Despite the criticism he’s inspired, I’m a supporter of North Dakota State Auditor Josh Gallion. His aggressive approach to his job has been a breath of fresh air. During his first term on the job (he announced his re-election campaign some weeks ago), his work has uncovered some real problems in state government.
In one area, however, he has let his zeal get the better of him. He has begun routinely referring the subjects of his audits to law enforcement for criminal investigation.
This has opened a can of worms.
That those who are targeted for such referrals are now demanding legal fees is among the most wiggly of those worms.
“Attorneys for the Wahpeton-based school President John Richman and vice presidents Tony Grindberg and Dennis Gladen argue their clients are due the fees under North Dakota law,” the Associated Press reports.
They’re requesting over $36,000 from the taxpayers after Cass County State’s Attorney Birch Burdick declined to pursue charges related to a failure to turn over public records requested by auditors.
The tough thing about this situation is that the North Dakota State College of Science officials are not the good guys. To believe they are means we have to believe that Grindberg just happened to forget to officially disclose that his wife works for a public relations firm NDSCS was negotiating a contract with. And that, when asked by auditors, he just happened to forget that he was involved in those negotiations.
We also have to believe that the school failing to turn over emails demonstrating that Gindberg was, in fact, involved in the discussion over the contract was just an oversight.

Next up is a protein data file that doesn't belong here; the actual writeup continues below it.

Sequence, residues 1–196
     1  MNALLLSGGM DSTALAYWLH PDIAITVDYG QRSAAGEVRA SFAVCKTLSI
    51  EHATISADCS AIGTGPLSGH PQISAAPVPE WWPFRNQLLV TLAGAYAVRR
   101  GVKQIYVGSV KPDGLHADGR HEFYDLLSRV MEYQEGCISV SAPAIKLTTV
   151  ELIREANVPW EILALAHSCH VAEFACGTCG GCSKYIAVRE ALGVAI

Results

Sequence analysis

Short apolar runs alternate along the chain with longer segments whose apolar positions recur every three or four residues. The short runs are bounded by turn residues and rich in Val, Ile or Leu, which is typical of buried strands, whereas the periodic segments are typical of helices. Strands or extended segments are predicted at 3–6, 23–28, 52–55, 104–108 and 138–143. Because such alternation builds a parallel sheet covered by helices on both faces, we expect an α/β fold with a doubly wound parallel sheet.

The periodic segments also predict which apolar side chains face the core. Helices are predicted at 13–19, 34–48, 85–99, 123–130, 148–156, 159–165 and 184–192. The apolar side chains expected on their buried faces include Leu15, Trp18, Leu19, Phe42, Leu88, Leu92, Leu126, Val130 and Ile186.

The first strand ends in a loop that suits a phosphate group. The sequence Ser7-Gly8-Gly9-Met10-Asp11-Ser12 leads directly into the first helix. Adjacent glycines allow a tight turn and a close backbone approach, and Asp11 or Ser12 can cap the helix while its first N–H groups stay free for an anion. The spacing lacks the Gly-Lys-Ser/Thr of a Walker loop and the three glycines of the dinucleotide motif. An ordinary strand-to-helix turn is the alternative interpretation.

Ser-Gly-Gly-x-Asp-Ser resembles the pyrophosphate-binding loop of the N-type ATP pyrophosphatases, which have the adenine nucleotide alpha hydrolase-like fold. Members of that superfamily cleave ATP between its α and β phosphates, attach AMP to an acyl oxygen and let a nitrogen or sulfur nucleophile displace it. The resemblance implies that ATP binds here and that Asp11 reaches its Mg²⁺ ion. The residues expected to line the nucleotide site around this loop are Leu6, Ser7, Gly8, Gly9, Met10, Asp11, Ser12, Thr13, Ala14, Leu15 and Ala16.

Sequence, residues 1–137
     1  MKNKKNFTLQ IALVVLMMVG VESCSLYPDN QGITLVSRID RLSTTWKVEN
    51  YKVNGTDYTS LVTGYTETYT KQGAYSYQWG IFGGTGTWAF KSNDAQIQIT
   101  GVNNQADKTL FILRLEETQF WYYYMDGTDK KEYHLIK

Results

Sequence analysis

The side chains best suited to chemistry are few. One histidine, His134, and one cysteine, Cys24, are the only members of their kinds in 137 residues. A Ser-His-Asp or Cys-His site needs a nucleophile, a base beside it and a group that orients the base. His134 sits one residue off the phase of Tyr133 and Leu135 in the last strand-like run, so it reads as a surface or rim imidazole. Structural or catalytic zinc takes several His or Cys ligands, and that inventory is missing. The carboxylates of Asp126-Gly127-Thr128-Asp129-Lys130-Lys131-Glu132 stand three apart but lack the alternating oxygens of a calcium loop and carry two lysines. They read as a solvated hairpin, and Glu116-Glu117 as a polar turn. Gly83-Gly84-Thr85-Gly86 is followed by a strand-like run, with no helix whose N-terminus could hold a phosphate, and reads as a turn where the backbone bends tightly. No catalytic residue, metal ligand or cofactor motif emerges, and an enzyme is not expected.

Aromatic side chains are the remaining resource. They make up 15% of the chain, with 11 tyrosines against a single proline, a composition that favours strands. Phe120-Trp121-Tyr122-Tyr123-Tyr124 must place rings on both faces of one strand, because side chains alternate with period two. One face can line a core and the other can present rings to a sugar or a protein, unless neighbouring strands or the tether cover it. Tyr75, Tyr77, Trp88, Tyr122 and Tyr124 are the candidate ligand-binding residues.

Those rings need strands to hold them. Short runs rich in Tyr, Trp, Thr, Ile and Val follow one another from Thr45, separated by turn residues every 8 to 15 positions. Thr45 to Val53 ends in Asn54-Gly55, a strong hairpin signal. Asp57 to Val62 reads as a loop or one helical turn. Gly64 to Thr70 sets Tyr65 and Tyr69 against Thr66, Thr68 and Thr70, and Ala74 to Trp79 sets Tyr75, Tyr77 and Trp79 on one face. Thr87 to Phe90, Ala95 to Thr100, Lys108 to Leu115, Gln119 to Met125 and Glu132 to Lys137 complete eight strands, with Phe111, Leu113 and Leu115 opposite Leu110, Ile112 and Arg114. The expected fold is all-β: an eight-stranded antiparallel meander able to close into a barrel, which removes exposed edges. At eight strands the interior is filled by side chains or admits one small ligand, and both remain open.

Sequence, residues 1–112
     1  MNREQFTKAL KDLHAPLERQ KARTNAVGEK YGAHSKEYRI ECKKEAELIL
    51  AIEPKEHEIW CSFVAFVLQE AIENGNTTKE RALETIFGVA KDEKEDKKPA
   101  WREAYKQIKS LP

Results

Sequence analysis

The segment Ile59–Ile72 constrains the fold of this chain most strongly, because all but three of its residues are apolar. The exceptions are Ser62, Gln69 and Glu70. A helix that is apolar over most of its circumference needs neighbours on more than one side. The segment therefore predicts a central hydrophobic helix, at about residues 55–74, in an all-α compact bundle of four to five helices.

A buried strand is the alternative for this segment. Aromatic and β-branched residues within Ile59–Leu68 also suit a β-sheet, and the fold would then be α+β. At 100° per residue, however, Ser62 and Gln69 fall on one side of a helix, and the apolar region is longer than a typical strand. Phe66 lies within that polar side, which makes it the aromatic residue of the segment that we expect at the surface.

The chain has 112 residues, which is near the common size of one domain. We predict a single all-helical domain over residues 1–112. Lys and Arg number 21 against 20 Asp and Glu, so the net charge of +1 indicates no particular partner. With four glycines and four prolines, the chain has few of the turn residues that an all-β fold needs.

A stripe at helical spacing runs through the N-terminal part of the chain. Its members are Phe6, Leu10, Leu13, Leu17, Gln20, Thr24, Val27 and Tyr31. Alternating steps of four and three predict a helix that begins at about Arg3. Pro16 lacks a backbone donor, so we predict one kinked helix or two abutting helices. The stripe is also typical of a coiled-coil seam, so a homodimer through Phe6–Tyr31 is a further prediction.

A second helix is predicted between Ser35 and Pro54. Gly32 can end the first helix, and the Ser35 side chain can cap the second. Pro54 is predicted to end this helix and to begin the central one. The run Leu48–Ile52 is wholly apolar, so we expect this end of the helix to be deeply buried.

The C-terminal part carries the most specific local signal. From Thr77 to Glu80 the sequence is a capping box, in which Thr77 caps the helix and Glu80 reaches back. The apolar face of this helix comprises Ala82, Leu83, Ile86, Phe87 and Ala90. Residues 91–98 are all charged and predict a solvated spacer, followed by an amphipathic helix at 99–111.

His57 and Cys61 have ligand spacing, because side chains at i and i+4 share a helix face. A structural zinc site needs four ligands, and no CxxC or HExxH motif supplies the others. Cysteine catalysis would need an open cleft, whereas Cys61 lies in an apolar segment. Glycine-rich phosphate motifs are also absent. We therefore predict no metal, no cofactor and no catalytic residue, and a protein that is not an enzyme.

[mks_pullquote align=”right” width=”300″ size=”24″ bg_color=”#ffffff” txt_color=”#000000″]The referral of routine audit findings for criminal investigation is overkill. Worse, if it continues, it will make the auditing process far less transparent and far more contentious than it is now.[/mks_pullquote]
Gindberg, who is also a sitting member of the Fargo City Commission, is, very specifically, not a good public servant. At one time, when he was working at North Dakota State University and serving as a Senator in the state Legislature, he was expensing thousands of dollars in dues for his country club membership (not to mention lavish meals and top-shelf booze).
Here’s the problem, though: While Gallion’s office exposed what happened at NDSCS, the additional step of pursuing criminal charges against these people creates problems.
Gallion’s office has also referred for criminal investigation findings from reviews of the State Library and Commerce Department.
In doing so, he has begun to turn what has historically been an administrative process into something approaching a criminal proceeding.
If the cops begin an investigation into your activities, you’d be wise to hire a lawyer, wouldn’t you? Gallion’s auditors are not law enforcement, but if their work is going to routinely result in law enforcement inquiries, could state workers be blamed for wanting legal counsel when a review into their work is announced?
If that becomes the norm, how effective are future audits going to be? Keep in mind, if state employees do hire a lawyer, they have to pay out of their own pockets. The state’s lawyers can’t defend them, not least because the Attorney General’s office is where these matters are being referred to for investigation in the first place.
Is that fair to those workers? Is any of this conducive to the efficient review of state operations?
Gallion, for his part, says it is his duty to report any appearance of criminal activity to law enforcement for review, but he’s basing that on a tortured interpretation of section 44-08-05.1 of the North Dakota Century Code which is related to state purchasing card authority and not the specific auditing process or the powers of the auditor’s office.
Is he technically correct? Maybe. If so, the Legislature should consider amending this section of the law.
The referral of routine audit findings for criminal investigation is overkill. Worse, if it continues, it will make the auditing process far less transparent and far more contentious than it is now.